Early HIV “Treatment for All” Ensures Best Outcomes
This week, the 8th IAS Conference on HIV Pathogenesis, Treatment, and Prevention kicked off in Vancouver, Canada. Most of the discussions at this year’s conference have centered on treatment, specifically working toward ensuring that all people living with HIV not only have access to treatment, but that they begin treatment as early as possible.
As Dr. Julio Monetnaer, Director of the British Columbia Centre for Excellence in HIV/AIDS said during the opening ceremony, “IAS 2015 will be remembered as the definitive moment when the world agreed earlier initiation of treatment is the best way to preserve the health of people living with HIV, and one of the best tools we have to slow HIV transmission to others.”
And much evidence has been presented to support this call for treatment for all. On Monday, researchers presented findings from the Strategic Timing of Antiretroviral Therapy (START) trial which proved that immediate treatment reduces the risk of both AIDS-related and non-AIDS-related illness by about half. Prior to the START trial, there was no randomized controlled trial evidence to guide initiating treatment for individuals with high CD4 cell counts.
In conjunction with the START study results, researchers from the HIV Prevention Trials Network (HPTN) reported on findings of its study known as HPTN 052, which examined early antiretroviral therapy (ART) for serodiscordant couples. It is the first randomized clinical trial to show that treating HIV-positive individuals early into their HIV infection significantly reduces the transmission of the virus to their partners, by as much as 93 percent.
HPTN also shared the results of its 067 trial, which examined the impact of pre-exposure prophylaxis (PrEP). Among the many trial participants, the study examined single, black women in South Africa at high risk for HIV infection and found that these women took and adhered to a daily PrEP regimen, especially when they knew the medications were effective at preventing HIV infection. Understanding how PrEP could potentially be applied to high-risk populations, such as women, will be an important step to prevention of mother-to-child transmission efforts, especially in sub-Saharan Africa.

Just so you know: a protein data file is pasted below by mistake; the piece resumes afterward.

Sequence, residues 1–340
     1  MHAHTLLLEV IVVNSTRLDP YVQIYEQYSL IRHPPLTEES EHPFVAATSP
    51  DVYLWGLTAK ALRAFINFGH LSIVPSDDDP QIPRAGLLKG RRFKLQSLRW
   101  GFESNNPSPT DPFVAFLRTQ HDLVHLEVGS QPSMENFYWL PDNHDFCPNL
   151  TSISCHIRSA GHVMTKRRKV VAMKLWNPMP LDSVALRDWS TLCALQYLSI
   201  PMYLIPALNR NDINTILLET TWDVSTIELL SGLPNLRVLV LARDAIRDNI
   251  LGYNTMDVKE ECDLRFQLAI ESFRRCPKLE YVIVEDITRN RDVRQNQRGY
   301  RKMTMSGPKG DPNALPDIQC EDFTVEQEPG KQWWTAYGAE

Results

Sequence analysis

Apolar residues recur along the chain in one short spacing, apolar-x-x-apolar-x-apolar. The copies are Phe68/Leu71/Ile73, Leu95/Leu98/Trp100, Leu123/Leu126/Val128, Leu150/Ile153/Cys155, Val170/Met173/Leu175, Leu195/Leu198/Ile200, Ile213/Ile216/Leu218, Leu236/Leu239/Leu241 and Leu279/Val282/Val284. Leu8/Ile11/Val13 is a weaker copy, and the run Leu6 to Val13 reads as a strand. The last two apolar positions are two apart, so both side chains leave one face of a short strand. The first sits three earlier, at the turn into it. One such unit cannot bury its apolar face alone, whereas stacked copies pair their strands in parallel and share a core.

Based on these findings, the World Health Organization (WHO) is expected to release new guidelines later this year that will include a strong recommendation that all people of all ages who are living with HIV initiate treatment as soon as possible and will also include specific guidelines about PrEP for those who are at high risk for HIV infection.
The new guidelines will be especially important as the world adopts the Sustainable Development Goals (SDGs) in September 2015, which will include a target to end the AIDS epidemic by 2030. This global target builds upon the recently announcement achievement that 15 million people living with HIV are now on treatment—equivalent to 41 percent of all people living with HIV.
As Michel Sidibé stated during the Sunday night opening ceremony, “We must now reach the 22 million people living with HIV who are not yet on treatment.”
As the Vancouver Consensus (also launched during this week’s conference) points out, diligence and renewed global commitments are more important than ever before to ensure we reach those goals. And this is especially true for children who are living with HIV.
While there has been progress and recognition of the need to prioritize specific, targeted strategies for children living with HIV, only 32 percent of children living with HIV have access to treatment. Without it, 80 percent of these children won’t live to see their fifth birthday. At EGPAF, we are committed to ensuring that children living with HIV are prioritized in order to shrink these gaps in pediatric treatment.
“It is vital that children are not lost in the crowd,” said Charles Lyons, EGPAF president and CEO during the conference.
“When children are considered only as part of the greater HIV population, they inevitably get left behind. Time and time again we’ve seen that failing to focus on children living with HIV has left the majority of them without the care and treatment they desperately need. Children living with HIV require unique, intensive actions to identify them and ensure they have access to and remain on treatment. We must acknowledge these differences and incorporate the specific needs of children in global guidelines and targets. Otherwise, we may end up moving backward when we desperately need forward momentum to drive us toward an AIDS-free generation.”
To see what EGPAF is doing at IAS 2015, click here.